In an unusual collaboration among birds, wind, and one of San Francisco’s leading landscape architects, a California designer has made a pair of unique outdoor living spaces—one low and one high.
Bernal Hill, one of San Francisco’s sunniest and least-developed spots, is a bare peak rising some 450 feet out of an otherwise densely packed neighborhood of charming turn-of-the-20th-century homes and shops. But whereas many manmade gardens are watered to be verdant year-round, Bernal Hill’s winter green and summer brown are a refreshing marker of the seasons. And that is exactly what designer Peter Liang desired atop his recently remodeled 2,000-square-foot home on the hill’s southern slope.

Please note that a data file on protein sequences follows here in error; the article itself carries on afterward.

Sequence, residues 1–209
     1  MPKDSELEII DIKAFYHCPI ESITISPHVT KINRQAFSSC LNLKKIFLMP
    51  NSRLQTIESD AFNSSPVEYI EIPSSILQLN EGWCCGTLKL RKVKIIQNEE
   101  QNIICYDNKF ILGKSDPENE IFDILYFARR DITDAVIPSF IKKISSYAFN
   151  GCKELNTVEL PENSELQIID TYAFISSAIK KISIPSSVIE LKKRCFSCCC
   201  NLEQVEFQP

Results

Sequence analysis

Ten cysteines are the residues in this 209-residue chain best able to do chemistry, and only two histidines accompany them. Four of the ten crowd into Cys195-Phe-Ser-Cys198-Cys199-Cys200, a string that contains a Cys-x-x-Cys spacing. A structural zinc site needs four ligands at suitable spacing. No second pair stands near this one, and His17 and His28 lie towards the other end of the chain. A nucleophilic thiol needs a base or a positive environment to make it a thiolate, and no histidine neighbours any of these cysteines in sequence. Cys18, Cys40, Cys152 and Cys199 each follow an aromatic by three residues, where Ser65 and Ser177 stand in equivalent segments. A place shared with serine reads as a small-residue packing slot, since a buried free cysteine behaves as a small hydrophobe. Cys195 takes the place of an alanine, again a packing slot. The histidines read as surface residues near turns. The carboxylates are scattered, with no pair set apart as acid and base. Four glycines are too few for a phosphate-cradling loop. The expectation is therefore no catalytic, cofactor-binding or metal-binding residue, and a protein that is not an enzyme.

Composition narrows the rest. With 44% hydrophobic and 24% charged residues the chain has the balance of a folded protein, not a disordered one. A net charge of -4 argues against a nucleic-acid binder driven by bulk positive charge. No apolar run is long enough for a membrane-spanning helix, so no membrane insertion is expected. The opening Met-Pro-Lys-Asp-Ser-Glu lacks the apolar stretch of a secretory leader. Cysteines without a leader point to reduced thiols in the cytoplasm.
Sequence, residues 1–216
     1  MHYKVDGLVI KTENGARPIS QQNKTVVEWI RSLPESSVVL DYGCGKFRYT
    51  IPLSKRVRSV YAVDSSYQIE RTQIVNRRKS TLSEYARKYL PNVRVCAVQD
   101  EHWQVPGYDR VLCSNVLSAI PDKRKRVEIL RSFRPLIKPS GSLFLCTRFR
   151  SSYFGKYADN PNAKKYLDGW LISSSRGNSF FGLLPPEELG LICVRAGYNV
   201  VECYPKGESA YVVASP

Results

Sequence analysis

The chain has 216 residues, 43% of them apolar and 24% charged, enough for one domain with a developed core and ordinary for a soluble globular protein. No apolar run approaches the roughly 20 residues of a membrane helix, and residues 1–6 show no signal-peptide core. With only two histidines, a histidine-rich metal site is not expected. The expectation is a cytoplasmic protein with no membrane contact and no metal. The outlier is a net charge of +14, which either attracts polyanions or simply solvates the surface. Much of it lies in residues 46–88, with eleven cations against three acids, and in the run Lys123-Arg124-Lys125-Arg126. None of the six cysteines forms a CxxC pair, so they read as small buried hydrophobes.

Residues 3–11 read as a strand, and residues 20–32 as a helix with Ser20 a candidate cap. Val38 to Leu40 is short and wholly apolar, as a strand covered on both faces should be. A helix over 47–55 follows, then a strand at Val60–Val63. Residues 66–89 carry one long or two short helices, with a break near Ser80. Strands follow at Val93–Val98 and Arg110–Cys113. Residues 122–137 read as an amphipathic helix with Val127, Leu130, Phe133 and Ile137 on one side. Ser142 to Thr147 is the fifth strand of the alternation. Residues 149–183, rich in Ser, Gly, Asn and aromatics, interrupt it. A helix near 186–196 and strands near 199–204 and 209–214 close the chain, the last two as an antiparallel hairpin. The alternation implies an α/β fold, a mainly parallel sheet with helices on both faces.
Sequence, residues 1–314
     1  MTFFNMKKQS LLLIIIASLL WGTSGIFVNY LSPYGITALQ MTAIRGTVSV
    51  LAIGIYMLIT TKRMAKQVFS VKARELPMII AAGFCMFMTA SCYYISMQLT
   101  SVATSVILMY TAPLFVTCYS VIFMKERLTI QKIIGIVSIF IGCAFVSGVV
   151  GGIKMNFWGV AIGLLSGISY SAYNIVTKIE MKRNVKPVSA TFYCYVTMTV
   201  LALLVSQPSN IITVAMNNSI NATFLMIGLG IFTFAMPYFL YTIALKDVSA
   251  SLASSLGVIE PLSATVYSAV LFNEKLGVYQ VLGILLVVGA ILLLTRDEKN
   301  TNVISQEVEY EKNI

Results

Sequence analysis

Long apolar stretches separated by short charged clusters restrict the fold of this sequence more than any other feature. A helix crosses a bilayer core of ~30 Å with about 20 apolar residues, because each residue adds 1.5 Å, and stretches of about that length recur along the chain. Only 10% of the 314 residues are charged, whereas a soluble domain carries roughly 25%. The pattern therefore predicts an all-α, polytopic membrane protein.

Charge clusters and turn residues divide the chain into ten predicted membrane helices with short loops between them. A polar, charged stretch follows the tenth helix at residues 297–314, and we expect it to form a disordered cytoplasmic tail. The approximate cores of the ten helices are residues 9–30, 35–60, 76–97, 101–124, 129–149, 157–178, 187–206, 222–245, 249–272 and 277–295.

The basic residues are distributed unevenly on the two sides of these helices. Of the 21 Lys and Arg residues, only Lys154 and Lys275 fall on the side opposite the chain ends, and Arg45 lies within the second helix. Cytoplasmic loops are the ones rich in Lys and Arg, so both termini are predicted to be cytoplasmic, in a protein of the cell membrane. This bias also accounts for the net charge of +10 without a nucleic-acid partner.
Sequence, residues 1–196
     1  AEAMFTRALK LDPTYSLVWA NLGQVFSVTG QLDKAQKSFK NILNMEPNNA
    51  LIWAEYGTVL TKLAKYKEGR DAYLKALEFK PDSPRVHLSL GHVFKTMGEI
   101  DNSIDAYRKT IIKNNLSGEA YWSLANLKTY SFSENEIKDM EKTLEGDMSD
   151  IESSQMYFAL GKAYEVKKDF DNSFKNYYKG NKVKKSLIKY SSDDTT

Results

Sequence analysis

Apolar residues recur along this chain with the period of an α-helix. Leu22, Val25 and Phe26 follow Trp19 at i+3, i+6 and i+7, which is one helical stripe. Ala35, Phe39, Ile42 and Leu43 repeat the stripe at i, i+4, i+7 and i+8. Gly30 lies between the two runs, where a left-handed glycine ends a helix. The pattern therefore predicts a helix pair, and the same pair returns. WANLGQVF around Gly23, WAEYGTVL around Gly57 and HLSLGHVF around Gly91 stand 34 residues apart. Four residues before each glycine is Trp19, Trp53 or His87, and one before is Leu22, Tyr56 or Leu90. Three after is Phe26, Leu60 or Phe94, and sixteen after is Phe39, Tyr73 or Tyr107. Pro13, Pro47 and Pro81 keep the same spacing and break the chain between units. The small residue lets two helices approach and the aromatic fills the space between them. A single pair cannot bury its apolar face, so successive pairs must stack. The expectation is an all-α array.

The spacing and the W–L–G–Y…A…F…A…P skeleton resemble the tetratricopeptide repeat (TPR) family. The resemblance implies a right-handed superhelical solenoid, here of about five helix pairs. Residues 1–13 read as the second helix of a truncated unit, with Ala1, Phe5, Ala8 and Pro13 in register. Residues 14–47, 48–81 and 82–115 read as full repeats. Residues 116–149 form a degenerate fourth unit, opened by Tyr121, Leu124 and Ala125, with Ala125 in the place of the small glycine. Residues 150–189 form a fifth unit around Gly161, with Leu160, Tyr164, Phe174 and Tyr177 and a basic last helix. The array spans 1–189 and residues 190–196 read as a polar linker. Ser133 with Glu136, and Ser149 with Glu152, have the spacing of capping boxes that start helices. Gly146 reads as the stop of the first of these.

“I wanted to plant a green roof for its thermal mass, but I wanted it to be as natural as possible,” Liang says. “To achieve that, what better partner could I have found than nature itself?”
Now his 580-square-foot green roof is like a piece of the hill; its indigenous vegetation—seeded by birds and wind—is irrigated only by seasonal rain and dew.
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